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They baby their giants

Though many homeowners, especially those stuck in the city, often hesitate to grow even tomatoes or salad greens, a quiet, unassuming subculture exists in the unlikely subdivision.

Alongside backyard playhouses, chicken coops and hot tubs, giant pumpkins weighing in the hundreds of pounds are being tended, often taking over entire lawns, all for the sake of bragging rights. Ordinary men who go to work and make small talk by day are transformed into serious competitors at the very mention of an orange squash.

Make no mistake, when it comes to pumpkins, size matters.

Central Point resident Brad Foster, who found himself addicted to gardening great pumpkins two years ago, decided to try growing one of the giants as something fun for his kids to watch and perhaps for carving into an oversized jack-o-lantern.

Months later, he found himself traveling several hours north for a giant pumpkin weigh-off — at which his squash tipped the scales at 460 pounds — and with a toolbox of ideas for a bigger pumpkin the following year.

An IT specialist for the U.S. Fish and Wildlife Service Forensics Laboratory in Ashland, Foster says his unlikely hobby comes with a handful of skills that go with the territory — from understanding pollination and inventing special fertilizer "teas" to finding the best weigh-in events and constructing hoists to move the pumpkins.

This subset of a larger community of pumpkin growers speaks its own language come summertime. Some growers are secretive about their growing techniques while others are eager to help beginners — within reason, of course.

Medford resident Ron Register started a few years before Foster but took last year off. This year, he doubled the weight of his inaugural squash by mid-September.

"I grew a 103-pounder the first year and entered at a weigh-in that Harry & David did one weekend," says Register of his early attempts.

"On the Friday before, at 11 o'clock at night, they had a woman on Delta Waters trying to get a 700-pounder out of her backyard. I was so ashamed I didn't even want to take mine in."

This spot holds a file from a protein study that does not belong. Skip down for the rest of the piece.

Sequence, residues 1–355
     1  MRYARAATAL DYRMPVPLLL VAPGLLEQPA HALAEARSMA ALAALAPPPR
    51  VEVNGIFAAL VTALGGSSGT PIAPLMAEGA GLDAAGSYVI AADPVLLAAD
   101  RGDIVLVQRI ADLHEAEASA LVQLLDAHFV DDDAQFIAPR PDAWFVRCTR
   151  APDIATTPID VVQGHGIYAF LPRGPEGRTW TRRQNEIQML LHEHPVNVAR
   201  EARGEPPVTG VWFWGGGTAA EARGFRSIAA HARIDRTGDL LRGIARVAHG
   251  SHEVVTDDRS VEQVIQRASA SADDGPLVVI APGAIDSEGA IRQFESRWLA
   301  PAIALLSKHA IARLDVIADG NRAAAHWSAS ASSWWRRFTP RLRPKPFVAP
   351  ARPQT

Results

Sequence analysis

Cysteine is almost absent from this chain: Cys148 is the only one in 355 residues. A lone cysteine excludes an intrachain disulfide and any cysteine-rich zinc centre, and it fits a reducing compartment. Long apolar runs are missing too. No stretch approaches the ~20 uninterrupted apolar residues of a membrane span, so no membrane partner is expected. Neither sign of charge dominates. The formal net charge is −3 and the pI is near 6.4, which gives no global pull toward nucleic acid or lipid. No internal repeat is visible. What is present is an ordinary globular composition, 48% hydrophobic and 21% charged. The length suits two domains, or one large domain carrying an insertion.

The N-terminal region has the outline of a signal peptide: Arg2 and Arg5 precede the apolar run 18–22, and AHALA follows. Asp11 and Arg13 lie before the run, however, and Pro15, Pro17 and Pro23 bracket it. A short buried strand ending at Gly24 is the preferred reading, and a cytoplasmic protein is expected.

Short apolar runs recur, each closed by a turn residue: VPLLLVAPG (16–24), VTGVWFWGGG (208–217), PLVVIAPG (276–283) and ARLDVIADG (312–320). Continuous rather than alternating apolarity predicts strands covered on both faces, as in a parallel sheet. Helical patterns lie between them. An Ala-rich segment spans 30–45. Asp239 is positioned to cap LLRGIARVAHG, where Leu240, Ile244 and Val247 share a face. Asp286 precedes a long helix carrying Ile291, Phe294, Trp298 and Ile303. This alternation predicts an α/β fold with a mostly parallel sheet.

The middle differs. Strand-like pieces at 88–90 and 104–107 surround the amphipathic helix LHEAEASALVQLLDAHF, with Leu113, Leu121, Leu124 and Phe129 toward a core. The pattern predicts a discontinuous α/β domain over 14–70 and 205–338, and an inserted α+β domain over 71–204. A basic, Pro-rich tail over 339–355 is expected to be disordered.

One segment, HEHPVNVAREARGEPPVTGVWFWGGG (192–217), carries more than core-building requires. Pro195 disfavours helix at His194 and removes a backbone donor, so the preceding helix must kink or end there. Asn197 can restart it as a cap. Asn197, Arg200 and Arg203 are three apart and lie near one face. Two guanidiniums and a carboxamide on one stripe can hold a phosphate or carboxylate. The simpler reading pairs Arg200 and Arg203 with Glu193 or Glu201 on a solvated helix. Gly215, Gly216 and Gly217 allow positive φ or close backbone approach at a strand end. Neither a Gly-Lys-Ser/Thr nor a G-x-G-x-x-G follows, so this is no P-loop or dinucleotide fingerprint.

Relenting after the 100-pounder took over his summer, Register took his squash — the only entry small enough to be picked up — and took the prize for "most beautiful pumpkin" that year.

Biggest or smallest aside, Register says the ready community and the fun of trying something a little unusual lured him to try again.

"I was hooked," he admits.

Last year, Foster started with three pumpkins, cutting the smallest of the trio from life support midway into the growing season, which starts "after tax day" under indoor grow lights.

The pumpkins are planted in the ground after Mother's Day. Heredity is important, and family tree-style charts depict how big pumpkins are expected to get. Foster missed the 500-pound mark last year, but this year's pumpkin was only a dozen pounds shy by early September.

"My goal is to grow a 1,000-pound pumpkin," he says, with a look of determination in his eyes.

Almost an addiction of sorts, growing great pumpkins is not for the faint of heart, says Foster. Too much potassium can split, or even "explode" a giant squash. Also tricky is transporting them, which requires a 16-foot hoist to load them onto a pickup truck.

Warren Buscho, an Applegate resident whose largest pumpkin tipped the scales at 942.5 pounds, says the rewards for growing great pumpkins are few — bragging rights and salvaged seeds. Most growers, he noted, do it for the love of the "sport."

"It can really take over your summer — and your yard," notes Buscho. "But it's a lot of fun."

Foster, eyeing a remaining patch of grass in his backyard, says he'll probably grow three or four pumpkins next year if he expands his pumpkin plot.

Register plans to figure out how to increase sunshine to a small plot that once served as a backyard. He laughs at the relative uselessness of such a hefty supply of soon-to-be pumpkin guts.

"Sometimes the prospect of a 285-pound watermelon sounds better than a 285-pound pumpkin, ya know?" he says with a laugh.

While somewhat frivolous, admits Buscho, giant pumpkins make for a good time and good stories.

"My son grew an 800-pounder one year and hauled it to Canby," he says. "It had a blemish on it, so it couldn't be entered. But it was a really beautiful pumpkin!"

Like many giant pumpkin growers, Register can turn philosophical, saying his pursuit is more about the journey than the results.

"There's so much negative these days, and the economy is in a funk," he says. "I try to have something fun, and the pumpkins keep me going.

"It really becomes kind of addictive "… and it really makes for interesting conversation."

Brad Foster, an IT specialist for the U.S. Fish and Wildlife Service Forensic Lab in Ashland, became addicted to growing giant pumpkins two years ago.